Brain Injury Association of America
Christopher and Dana Reeve Foundation
Disability Policy Institute
Disability Rights Center
Disability Rights Education and Defense Fund
Friends of Disabled Adults and Children
Statewide Independent Living Council of Georgia
International Ventilator Users Network
National Emphysema/COPD Association
National Family Caregivers Association
National Council on Independent Living
National Disability Rights Network
National Organization of Nurses with Disabilities (NOND)
Pennsylvania Statewide Council on Independent Living (PA SILC)
Post-Polio Health International
Shepherd Center
Spina Bifida Association of America
Summit Independent Living Center, Inc.
Three Rivers Center on Independent Living (TRCIL)
Touch the Future
UCP/CLASS, Pittsburgh
United Cerebral Palsy
United Spinal Association
Wisconsin Council on Physical Disabilities

Tyler Wilson, president of the American Association for Homecare, commented, "We embrace competition, we believe in market pricing, but we also believe in getting it right. If market pricing is the future of healthcare reimbursement rates for Medicare, then all healthcare sectors will want to ensure that the systems are designed correctly. And experts agree universally that the existing Medicare bidding system for durable medical equipment creates serious unintended, negative outcomes and should be overhauled."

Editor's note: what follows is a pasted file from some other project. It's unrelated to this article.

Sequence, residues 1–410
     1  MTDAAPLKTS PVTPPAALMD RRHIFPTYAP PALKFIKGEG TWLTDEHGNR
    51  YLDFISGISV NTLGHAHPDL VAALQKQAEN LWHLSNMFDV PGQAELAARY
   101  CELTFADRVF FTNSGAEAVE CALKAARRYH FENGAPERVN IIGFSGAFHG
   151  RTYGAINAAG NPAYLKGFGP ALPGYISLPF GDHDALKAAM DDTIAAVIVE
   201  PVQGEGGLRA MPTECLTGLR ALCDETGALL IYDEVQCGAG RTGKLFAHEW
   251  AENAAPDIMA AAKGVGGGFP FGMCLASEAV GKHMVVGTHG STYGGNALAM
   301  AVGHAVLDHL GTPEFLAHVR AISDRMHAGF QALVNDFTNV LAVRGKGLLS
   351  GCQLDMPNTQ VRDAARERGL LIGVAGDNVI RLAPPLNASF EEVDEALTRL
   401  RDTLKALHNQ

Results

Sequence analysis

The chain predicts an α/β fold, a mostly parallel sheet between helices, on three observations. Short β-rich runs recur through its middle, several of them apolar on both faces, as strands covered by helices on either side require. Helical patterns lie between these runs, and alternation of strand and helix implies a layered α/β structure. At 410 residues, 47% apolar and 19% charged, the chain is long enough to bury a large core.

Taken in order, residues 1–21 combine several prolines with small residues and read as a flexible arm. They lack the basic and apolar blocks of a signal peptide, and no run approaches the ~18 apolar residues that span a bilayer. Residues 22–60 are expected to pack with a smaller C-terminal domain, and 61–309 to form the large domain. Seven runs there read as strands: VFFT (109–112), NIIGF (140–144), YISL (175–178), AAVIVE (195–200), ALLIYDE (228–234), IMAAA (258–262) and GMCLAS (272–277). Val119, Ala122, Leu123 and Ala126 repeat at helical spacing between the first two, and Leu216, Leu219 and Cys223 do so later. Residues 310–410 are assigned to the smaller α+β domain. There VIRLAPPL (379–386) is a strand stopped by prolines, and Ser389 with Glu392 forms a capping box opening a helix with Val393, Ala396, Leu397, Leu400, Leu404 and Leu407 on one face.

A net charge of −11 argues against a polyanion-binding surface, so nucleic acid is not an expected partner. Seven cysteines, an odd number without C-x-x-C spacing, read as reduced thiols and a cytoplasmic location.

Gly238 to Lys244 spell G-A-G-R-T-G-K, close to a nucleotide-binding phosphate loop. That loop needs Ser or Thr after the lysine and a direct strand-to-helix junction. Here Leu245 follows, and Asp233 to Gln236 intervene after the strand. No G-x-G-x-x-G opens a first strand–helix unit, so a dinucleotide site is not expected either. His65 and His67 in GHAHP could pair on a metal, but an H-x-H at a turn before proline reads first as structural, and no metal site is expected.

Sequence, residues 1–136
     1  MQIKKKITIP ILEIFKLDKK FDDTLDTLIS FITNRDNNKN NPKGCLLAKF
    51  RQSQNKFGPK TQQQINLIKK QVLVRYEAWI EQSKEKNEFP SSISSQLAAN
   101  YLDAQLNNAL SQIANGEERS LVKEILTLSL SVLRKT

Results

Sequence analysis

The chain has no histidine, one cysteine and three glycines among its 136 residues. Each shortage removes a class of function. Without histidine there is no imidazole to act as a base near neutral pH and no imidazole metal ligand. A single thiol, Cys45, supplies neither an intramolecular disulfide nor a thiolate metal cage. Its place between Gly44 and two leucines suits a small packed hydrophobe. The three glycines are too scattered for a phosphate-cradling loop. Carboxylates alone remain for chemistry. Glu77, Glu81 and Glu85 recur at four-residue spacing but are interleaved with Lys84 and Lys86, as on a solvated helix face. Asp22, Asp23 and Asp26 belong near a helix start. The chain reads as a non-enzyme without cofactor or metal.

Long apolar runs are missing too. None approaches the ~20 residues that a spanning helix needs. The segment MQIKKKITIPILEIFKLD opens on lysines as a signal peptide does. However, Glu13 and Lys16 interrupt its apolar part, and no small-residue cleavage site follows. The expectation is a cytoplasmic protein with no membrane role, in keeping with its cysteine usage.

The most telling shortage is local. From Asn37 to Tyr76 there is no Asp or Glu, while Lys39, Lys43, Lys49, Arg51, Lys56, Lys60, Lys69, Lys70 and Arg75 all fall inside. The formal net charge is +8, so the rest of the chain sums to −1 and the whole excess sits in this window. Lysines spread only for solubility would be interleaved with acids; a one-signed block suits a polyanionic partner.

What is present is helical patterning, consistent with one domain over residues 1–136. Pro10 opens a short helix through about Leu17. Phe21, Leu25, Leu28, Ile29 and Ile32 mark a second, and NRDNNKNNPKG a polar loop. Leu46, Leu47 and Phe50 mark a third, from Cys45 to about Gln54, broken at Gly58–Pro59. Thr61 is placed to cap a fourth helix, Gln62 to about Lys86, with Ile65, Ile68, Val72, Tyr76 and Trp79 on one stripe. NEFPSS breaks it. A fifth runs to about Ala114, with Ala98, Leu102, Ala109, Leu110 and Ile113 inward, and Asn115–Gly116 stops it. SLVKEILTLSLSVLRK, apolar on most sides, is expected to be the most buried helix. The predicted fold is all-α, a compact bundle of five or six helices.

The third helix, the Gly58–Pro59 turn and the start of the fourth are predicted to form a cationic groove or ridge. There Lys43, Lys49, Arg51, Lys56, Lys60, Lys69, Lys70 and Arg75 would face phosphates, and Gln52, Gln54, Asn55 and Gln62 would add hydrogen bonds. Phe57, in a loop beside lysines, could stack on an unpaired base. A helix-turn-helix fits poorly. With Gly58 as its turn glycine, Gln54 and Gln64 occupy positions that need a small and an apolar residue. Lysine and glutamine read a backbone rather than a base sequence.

Last year, the Centers for Medicare and Medicaid Services implemented a bidding program for durable medical equipment and services in nine areas – Charlotte, Cincinnati, Cleveland, Dallas, Kansas City, Miami, Orlando, Pittsburgh and Riverside, California.  The bidding program is underway in an additional 91 metropolitan areas now.

But auction experts, providers, and consumer advocates are concerned that Medicare beneficiaries will continue to see declines in access to medically required equipment and care under the current bidding system. Since the bidding program was implemented in 2011, the American Association for Homecare has received reports from hundreds of Medicare patients about their difficulties finding local equipment and service providers, delays in obtaining medically required equipment and care, and fewer choices when selecting equipment and providers.